Wall Street Journal reporter Amir Efrati continues to make a name for himself by aggressively covering the legal education beat. Today's WSJ page B1 story (How to Cut Debt, Boost Job Prospects from Law School) lays out some the calculus that prospective law students should consider in making the decision to enroll in law school. It also includes reference to the benefits of transferring to a national law school after a successful 1L year at a lower ranked institution; in my last post, I learned that this is a very sensitive topic.
The story contains a quote from me and a reference to an alternative law school ranking that I am working on with Andy Morriss (Illinois Law). I would like to add two key pieces of context:
- Chances of landing a large law firm job. In the story, I am quoted, "If you go to a school ranked 35th or 40th over one that's ranked 70th or 80th, you are by no means substantially increasing your chances of landing a high-paying job." This is more than just my opinion. When I made this statement, I was looking a data that took months to compile. Further, the same analysis holds true when you compare, say, the 25th or 30th with the 50th or 60th. My point is simple: a higher rank in US News does not necessarily provide students with an opportunity set that justifies a price premium. That will be the central takeaway of our alternative ranking--from a student perspective, over-reliance on US News can be a big financial mistake.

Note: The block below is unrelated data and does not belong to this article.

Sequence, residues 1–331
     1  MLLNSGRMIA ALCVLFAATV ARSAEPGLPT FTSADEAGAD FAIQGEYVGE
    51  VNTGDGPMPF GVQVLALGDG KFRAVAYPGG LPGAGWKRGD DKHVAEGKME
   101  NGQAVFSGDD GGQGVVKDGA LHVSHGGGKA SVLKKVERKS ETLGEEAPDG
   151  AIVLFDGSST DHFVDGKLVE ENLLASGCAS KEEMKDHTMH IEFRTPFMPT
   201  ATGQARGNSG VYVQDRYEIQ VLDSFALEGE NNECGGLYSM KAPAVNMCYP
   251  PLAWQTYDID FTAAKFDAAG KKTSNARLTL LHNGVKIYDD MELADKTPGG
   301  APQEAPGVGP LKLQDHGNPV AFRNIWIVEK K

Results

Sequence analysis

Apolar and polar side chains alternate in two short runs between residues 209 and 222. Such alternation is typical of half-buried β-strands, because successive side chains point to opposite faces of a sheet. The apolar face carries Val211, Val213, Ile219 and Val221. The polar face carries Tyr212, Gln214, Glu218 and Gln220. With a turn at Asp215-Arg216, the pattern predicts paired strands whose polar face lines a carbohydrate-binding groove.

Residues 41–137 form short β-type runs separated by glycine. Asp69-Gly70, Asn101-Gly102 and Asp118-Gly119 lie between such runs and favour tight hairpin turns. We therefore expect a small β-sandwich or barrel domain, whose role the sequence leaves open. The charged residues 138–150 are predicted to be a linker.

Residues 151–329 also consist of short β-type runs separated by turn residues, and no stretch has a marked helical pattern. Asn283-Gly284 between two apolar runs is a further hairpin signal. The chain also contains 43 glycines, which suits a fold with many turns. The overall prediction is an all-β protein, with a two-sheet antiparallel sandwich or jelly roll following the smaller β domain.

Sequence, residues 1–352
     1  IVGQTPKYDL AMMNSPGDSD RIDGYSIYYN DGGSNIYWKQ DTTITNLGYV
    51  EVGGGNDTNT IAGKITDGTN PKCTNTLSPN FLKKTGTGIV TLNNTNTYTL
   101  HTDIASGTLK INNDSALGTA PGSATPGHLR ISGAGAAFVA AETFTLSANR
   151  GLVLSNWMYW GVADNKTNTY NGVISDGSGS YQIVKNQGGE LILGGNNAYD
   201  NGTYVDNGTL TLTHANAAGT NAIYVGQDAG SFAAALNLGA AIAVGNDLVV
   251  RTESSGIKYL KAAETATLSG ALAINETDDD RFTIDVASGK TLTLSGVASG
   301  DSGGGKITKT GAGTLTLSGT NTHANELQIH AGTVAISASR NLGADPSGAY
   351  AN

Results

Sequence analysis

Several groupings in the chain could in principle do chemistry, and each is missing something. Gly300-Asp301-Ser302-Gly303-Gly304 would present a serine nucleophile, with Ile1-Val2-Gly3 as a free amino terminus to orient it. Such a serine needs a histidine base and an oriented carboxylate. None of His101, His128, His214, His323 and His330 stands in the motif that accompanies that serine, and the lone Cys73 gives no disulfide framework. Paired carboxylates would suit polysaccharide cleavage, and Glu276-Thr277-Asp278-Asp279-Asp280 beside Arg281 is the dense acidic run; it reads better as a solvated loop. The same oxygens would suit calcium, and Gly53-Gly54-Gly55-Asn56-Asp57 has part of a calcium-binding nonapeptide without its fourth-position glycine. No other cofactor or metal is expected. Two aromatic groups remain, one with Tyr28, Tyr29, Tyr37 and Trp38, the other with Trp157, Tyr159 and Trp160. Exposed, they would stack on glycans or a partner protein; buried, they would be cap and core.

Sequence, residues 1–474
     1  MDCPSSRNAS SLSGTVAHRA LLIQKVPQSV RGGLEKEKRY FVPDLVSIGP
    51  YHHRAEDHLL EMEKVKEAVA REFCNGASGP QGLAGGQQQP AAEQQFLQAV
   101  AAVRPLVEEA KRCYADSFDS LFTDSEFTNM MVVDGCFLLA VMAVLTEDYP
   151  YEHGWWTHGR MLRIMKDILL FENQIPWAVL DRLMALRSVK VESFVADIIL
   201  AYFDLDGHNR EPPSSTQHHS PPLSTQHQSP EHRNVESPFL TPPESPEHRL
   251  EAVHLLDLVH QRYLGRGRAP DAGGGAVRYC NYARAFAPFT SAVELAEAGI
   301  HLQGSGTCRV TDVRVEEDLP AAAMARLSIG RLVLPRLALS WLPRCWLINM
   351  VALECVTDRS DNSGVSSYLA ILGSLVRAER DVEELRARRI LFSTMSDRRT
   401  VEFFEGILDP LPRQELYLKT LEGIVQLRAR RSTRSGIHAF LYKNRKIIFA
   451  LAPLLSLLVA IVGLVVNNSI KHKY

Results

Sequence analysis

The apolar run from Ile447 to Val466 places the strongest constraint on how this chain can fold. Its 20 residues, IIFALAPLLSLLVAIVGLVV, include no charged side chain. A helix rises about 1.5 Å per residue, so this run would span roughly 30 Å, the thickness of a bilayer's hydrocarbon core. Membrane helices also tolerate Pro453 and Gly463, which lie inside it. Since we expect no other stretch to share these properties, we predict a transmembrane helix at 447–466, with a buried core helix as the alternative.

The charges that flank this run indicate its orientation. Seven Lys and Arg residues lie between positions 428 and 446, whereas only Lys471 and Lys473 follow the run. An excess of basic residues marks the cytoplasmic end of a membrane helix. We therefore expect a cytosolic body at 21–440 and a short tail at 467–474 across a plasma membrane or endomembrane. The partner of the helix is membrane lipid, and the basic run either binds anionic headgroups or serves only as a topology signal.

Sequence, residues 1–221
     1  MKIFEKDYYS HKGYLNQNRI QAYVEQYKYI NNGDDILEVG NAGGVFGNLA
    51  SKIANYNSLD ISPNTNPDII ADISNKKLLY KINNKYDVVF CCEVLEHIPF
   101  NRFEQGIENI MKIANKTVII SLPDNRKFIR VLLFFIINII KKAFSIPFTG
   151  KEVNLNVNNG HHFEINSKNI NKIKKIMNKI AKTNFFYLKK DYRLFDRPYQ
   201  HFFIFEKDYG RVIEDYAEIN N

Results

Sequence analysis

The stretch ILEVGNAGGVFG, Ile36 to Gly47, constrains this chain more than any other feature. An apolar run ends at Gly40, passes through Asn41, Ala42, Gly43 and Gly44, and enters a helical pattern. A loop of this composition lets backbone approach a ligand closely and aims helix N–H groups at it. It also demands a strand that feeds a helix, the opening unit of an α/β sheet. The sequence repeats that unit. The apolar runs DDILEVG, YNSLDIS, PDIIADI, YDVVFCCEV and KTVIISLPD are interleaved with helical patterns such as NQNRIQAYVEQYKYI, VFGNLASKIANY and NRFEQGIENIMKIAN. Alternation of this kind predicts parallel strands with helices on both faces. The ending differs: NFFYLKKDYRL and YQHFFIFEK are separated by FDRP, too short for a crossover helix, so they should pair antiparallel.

- Alternative rankings. The story notes that our alternative rankings will include large law firm employment. Our project, however, is actually much broader than that. If a student wants to preserve maximum financial flexibility upon graduation in order to pursue a variety of interesting legal jobs (government, public interest, small firm practice) with little or no law school debt, we will show students how to do this calculus using actual law school data.
As I have said before, the future of legal education is driven by labor markets.